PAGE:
Binomial Name: EptesicusFuscus
Life Cycle: Southern Ontario litter size is two. Big brown bats may live as long as 18 years but in the wild life expectancy is drastically reduced to a few years.
Behaviour: Summer maternity colonies may include approximately a dozen to a few hundred bats while males typically roost in small groups or alone. Big brown bats are sensitive to high temperatures and will choose cooler summer roost sites such as: behind chimneys; in hallow walls; behind shutters and in enclosed eaves. During the winter big brown bats canoverwinter in attics, wall voids and basements.
Signs of Infestation: If you suspect that you may have big brown bats roosting within your home you can verify your suspicions with a “bat watch” – please see the section titled “Little Brown Bats” for more information on how to perform a bat watch. Other signs of an infestation include: physically seeing a bat inside your living quarters, rub marks and guano.
If you see a bat within your living quarters it may be a big brown bat. Big brown bats tend to move about during temperature swings, this can mistakenly draw them into your living space as they seek to exit their roost site to the outside.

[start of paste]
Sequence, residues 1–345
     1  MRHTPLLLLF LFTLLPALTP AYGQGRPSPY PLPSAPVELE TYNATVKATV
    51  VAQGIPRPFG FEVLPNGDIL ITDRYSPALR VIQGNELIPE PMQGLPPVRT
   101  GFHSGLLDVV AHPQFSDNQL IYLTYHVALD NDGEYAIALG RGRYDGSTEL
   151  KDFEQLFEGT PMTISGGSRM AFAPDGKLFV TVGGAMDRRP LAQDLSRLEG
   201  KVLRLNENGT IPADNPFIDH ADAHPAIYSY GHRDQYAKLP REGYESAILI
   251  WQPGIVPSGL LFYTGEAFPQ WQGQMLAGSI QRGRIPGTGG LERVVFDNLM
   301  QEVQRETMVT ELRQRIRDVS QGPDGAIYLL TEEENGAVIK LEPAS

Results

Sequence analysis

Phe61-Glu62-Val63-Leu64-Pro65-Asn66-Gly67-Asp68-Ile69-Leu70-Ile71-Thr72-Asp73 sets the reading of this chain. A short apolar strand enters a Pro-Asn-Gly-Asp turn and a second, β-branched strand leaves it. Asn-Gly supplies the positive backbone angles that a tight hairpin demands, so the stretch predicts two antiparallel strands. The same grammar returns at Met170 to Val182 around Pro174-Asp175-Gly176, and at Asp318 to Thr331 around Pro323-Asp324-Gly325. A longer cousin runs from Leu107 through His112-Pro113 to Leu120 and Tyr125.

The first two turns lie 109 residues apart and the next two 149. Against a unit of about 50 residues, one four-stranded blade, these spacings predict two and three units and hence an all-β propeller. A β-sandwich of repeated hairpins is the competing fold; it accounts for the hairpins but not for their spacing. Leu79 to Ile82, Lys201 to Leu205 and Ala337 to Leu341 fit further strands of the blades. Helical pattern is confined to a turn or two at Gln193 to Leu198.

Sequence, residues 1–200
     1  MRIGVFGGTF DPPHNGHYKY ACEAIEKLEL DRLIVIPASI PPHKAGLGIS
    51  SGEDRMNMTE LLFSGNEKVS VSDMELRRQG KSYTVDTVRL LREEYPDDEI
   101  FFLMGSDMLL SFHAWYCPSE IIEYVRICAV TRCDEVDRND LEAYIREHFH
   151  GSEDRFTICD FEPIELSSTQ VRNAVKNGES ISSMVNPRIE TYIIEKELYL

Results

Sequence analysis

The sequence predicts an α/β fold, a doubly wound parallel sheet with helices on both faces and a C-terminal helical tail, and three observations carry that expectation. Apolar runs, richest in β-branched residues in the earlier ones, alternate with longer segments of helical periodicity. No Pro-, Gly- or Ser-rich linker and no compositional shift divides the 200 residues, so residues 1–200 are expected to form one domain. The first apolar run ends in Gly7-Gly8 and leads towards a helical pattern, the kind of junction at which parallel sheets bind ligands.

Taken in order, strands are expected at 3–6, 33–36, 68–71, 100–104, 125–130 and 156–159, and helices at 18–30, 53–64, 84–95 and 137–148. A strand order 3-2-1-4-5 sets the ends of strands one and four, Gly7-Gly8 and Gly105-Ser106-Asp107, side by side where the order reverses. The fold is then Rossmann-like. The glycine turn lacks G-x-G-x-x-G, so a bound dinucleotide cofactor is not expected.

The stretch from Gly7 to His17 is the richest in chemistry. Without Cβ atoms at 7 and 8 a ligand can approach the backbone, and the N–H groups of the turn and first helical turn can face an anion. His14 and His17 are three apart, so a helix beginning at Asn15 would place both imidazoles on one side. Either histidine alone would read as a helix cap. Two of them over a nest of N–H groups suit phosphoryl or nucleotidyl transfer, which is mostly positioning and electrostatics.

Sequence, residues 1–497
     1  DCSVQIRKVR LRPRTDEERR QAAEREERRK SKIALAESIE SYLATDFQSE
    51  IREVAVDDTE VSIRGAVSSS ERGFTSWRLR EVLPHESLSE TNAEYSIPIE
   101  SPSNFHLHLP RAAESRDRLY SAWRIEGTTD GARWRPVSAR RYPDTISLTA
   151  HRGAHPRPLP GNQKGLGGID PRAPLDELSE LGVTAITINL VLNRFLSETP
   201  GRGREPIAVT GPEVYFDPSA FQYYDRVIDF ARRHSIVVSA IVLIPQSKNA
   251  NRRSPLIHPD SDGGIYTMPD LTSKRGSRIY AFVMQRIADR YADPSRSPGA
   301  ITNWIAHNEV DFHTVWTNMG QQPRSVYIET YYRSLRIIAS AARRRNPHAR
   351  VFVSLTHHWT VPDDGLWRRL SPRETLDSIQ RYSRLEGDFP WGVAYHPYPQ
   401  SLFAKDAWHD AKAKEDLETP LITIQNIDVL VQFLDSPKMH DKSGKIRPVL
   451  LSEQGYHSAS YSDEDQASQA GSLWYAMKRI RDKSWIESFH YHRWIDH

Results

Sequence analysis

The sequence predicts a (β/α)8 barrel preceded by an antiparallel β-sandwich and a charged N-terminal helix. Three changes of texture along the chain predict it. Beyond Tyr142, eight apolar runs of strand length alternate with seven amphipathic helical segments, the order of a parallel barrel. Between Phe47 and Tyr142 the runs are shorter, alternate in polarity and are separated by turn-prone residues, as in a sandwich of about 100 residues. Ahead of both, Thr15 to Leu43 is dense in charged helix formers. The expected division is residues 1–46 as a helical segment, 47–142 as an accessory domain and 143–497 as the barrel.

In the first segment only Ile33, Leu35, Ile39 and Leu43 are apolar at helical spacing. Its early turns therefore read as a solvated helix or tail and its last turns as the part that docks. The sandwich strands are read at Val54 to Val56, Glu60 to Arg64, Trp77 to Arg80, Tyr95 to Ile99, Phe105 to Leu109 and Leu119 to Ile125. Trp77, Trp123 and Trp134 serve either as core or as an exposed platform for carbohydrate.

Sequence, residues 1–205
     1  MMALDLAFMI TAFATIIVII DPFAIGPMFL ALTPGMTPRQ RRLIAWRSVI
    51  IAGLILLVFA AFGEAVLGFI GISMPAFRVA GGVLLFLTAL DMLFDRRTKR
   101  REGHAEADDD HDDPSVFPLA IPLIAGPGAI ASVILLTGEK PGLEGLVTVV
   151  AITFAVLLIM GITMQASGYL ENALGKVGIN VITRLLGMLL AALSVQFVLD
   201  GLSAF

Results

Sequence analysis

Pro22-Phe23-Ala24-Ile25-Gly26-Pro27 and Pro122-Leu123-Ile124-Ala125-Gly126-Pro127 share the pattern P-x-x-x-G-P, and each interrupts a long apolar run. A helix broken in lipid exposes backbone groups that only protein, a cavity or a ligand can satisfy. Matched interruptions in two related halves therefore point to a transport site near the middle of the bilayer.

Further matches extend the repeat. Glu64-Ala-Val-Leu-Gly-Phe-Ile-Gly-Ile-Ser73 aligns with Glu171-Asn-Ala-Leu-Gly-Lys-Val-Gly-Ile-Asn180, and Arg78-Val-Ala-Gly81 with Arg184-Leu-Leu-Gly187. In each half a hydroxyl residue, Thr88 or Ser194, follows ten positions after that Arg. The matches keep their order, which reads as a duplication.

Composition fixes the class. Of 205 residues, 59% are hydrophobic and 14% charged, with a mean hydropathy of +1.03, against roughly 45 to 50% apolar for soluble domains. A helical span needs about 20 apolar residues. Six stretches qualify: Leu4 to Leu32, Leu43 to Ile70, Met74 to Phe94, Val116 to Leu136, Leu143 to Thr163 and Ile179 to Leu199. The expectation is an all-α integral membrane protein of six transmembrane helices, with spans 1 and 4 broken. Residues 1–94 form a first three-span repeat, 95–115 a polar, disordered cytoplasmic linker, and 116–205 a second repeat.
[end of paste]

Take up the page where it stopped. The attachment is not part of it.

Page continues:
Rub marks around small gaps and crevices often indicate the presence of bats. The rub marks are an oily residue which is excreted from bats and builds up as they regularly move over an area. The rub marks will appear smooth and polished and are a sure way to identify a bat entry / exit point into a building.
Guano (bat droppings) will often be present in and around structures where bats are roosting. At a glance, guano looks like mouse droppings. However, and unlike mouse droppings, when crushed guano becomes powdery and reveals shiny bits of undigested insects.